"As idle as a painted ship Upon a painted ocean"

when there was no motion, no advance. When—

"The very deep did rot."

It is a dreadful thing when there is such a horrid deathlike calm as this! Yet, even amidst such trials as these, we must believe to see the goodness of the Lord. We must still believe that the great Head of the Church has not forgotten her, that in her darkest times He still wears her name upon His heart and that He will yet return to her in mercy, cast out all her enemies, repair her broken walls and cause the banner of His love to float again over her citadel.


Sometimes, she sees it very soon. God does not guarantee to let His people see here the reason for all His Providential dealings with them, but He does occasionally do so. There is many a Believer who has lived to see the goodness of God to him. Bernard Gilpin's case was a very clear one. As he was on his way to London to be burned at the stake, his leg was broken and he had to stop on the road. He said it was all for the best, and so it was, for, when he reached London, the bells were ringing, for Queen Mary was dead and Queen Elizabeth had come to the throne—so he was not burned! The breaking of his leg had saved his life! Some of us have also seen the goodness of the Lord displayed under very strange

circumstances. It was so in connection with that terrible calamity at the Surrey Gardens Music Hall. Notwithstanding all the sorrow and suffering that it brought upon us, as we now look back upon it, we see how God, by means of that calamity, called public attention to the preaching of His Word—and I have no doubt, that for every life that was then lost, a thousand souls have since been saved from going down to the Pit—so let God's name be praised for that gracious overruling of a terrible crime! You may not have to wait even a day before you will distinctly see the goodness of the Lord! But you must believe it before you see it. It must be a matter of duty to you to now believe it and then, by-and-by, it may be a matter of privilege to you to see it!

But faith does not always expect to see the goodness of Godhere at once. She knows that this is the land of mist and fog, and she is glad if she can see even one step before her. Yes, and she is quite satisfied to go on even if she cannot see a step before her. She puts her foot down on what seems to be a thick cloud, but she finds the ground solid beneath her. Without seeing where she is going, she takes the next step, relying upon the faithfulness of God—and again she is safe— and so she pursues her way in the thick darkness and with greater joy than those who see far ahead and compliment themselves upon their shrewdness! She knows that the day has not yet dawned, for the shadows have not yet fled away, so, while she is in this mortal state, she walks by faith, not by sight.

Faith understands, too, that man is not endowed with that degree of judgment which might enable him, at present, even if the light were clearer, to distinctly see the goodness of the Lord. With such an intellect as he now has, a child is not likely to see the wisdom of his father in the use of the rod. Even if he is a well-instructed child, he may still scarcely be able to see it. The father is the better judge—he has seen more of life, he knows what the child does not know and foresees what the child does not even dream of! How can I, who can only see a little pool in front of me, judge as to how the Lord should manage the great ocean? Here I am sailing my tiny toy boat upon a pond—am I to lay down rules of navigation for God in steering the leviathans of the deep across the shoreless seas? Here I am, an ant of an hour, creeping about upon the little anthill which I call my home—am I to judge as to how God manages all the affairs of time and eternity? Down, foolish pride! What do you know? You are wise only when you know that you are a fool! But you are such a fool that you do not even know thatuntil God teaches it to you! Lie down, then, and trustwhere you cannot understand.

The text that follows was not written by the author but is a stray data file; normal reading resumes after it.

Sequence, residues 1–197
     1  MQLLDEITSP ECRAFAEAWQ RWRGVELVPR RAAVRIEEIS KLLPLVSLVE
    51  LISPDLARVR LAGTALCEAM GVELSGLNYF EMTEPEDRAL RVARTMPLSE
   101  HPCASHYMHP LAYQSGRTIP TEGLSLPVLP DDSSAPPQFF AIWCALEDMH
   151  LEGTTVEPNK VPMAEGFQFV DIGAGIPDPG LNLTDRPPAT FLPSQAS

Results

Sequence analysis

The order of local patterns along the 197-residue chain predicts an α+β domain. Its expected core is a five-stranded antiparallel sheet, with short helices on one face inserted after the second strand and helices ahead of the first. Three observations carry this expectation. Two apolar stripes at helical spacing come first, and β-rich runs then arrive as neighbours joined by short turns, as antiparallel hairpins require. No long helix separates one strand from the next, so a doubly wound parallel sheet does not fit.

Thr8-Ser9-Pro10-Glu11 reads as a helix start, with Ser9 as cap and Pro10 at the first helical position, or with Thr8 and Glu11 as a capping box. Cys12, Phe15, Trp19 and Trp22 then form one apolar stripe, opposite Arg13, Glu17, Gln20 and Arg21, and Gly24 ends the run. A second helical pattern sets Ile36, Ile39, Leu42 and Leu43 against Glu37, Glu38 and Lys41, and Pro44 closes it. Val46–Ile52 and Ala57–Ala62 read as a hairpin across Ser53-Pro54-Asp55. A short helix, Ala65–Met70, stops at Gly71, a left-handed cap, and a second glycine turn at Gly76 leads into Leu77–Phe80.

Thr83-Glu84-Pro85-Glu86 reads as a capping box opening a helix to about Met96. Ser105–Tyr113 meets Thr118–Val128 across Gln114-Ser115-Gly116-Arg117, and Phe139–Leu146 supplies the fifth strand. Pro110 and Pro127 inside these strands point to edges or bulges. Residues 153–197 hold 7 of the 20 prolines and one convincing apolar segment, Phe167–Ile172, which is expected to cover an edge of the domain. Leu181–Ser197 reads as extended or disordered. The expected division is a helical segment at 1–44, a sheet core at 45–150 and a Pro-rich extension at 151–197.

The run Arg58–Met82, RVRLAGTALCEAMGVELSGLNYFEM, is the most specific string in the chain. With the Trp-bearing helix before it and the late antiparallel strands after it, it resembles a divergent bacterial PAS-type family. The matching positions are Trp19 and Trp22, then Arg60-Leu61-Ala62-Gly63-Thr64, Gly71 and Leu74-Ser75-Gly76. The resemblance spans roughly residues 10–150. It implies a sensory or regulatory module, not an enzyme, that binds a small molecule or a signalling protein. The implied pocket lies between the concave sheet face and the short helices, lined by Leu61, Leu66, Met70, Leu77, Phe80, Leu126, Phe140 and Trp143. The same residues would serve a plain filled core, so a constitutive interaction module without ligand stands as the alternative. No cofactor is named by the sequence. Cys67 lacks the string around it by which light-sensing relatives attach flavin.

Faith also knows that, at present, she cannot see the whole plan and procedure of God's Providential dealings with men. We cannot fairly judge the working of Providence by gazing at a part of it. There is an old joke about a student who took one brick to the market in order to show the people what kind of house he had to sell. But who could rightly judge of a house by looking at a single brick? Yet this would be less foolish than trying to judge as to the goodness of the Lord by the transactions of an hour! If, instead of trying to measure with a ruler the distance between Sirius and the Pleiades, we would just believe that God has measured that vast distance to an inch and leave such measurements to the Almighty Mind which can take in the whole universe at one sweep, how much wiser it would be on our part! God sees the end from the beginning and when the great drama of time shall be complete, then will the splendor as well as the goodness of the Lord be seen! When the whole painting shall be unrolled in one vast panorama, then shall we see its matchless beauty and appreciate the inimitable skill of the Divine Artist. But here we only look at one little patch of shade, or one tiny touch of color and it appears to us to be rough or coarse. It may be that we shall be permitted, in eternity, to see the whole of the picture, but meanwhile, let us firmly believe that He who is painting it knows how to do it and that He who orders all things according to the counsel of His own will, cannot fail to do that which is best for the creatures whom He has made and preserved in being!


There is a man lying upon the surgeon's operating table and the skillful surgeon has to cut deeply. Why does the man endure that operation? Because he believes it is for his lasting good. He believes that the surgeon will not cause him an atom of pain more than is necessary and, therefore, he lies quietly and endures it all. But imagine that any of us were there and that we fancied that the surgeon meant to do us harm instead of good! Then we would rebel! But the conviction that it is all right helps us to play the man and to bear the pain with patience. That should be your attitude towards God, my dear Friend. May your belief in His goodness enable you to bear the sharp cuts of the knife which He is using upon you!